THE UK Government will impose massive fines on car makers caught cheating emissions tests as part of legislation being introduced next month.
The snappily-titled “Road Vehicles (Defeat Device, Fuel Consumption and Type Approval) Regulations 2018” will primarily clamp down on the use of “defeat devices”, which can alter the behaviour of an engine to reduce emissions when the system detects it’s undergoing a laboratory test.
Car makers could be fined £50,000 for every new car found to be fitted with a defeat device. For mass-market car manufacturers, this could result in penalties potentially running into the tens of millions of pounds.
The “Dieselgate” scandal, which affected over 1.2m cars in the UK and Northern Ireland, and subsequent clampdown on the dirtiest diesel vehicles by central and local government, is believed to be the main factor behind a huge decline in the sales of diesel cars.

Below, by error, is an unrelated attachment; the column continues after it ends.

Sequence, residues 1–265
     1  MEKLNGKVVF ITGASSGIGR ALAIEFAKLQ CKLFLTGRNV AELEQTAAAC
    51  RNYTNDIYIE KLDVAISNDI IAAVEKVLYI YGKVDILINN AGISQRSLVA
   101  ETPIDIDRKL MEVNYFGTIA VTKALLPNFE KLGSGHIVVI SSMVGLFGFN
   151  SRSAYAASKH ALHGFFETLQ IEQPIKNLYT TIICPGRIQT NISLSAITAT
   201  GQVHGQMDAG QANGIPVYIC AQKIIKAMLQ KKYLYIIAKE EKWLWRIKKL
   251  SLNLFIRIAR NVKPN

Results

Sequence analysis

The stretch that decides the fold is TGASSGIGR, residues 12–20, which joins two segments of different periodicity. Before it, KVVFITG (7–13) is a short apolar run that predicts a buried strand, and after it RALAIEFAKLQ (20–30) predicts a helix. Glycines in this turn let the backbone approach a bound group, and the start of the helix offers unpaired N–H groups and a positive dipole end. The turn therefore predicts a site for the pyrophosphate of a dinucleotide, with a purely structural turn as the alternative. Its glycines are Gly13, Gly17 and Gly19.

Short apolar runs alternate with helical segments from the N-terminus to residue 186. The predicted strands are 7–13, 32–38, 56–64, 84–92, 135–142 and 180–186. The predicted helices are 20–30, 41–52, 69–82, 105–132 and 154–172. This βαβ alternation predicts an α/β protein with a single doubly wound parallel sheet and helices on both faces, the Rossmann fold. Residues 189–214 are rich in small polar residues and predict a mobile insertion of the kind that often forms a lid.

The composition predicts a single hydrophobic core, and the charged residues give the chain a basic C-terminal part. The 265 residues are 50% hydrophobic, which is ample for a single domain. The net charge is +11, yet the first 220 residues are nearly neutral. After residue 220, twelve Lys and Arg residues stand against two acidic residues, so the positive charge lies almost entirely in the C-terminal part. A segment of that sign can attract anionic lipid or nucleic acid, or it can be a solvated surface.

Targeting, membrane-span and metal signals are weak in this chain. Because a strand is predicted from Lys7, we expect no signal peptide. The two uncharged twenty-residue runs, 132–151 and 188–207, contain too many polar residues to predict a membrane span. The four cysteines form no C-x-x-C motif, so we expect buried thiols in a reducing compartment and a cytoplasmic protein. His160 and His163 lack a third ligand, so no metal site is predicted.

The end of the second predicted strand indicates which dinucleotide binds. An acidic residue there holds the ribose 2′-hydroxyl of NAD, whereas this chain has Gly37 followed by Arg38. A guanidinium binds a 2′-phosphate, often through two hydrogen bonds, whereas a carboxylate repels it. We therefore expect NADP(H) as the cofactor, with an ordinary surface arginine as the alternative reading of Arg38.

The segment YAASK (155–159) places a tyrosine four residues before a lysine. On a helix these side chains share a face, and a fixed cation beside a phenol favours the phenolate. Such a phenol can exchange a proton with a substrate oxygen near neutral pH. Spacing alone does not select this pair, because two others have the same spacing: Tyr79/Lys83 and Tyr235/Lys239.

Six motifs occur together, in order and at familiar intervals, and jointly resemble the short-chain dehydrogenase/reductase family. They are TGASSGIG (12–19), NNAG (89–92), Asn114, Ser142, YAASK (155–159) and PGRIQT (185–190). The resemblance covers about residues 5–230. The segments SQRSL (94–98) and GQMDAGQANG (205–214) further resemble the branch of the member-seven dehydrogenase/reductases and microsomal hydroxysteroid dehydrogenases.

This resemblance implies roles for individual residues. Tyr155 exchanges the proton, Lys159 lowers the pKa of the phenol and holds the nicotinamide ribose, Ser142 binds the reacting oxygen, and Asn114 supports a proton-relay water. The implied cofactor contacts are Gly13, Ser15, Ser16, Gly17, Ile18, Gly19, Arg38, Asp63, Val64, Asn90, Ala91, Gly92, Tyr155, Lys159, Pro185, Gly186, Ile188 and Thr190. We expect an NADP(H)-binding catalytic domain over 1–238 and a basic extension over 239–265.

As well as aiming to prevent another emissions scandal of this scale, the new regulations are being introduced as part of the UK Government’s broader plans to reduce the country’s emissions output.
The ‘Road to Zero’ plan is being spearheaded by a commitment to ban the sales of non-hybrid petrol and diesel cars in the UK by 2040.
Transport Minister Jesse Norman said: “There has rightly been a huge public outcry against car manufacturers that have been cheating on emissions standards. Their behaviour has been dishonest and deplorable.”
He added: “These tough new regulations are designed to ensure that those who cheat will be held to proper account in this country, legally and financially, for their actions.”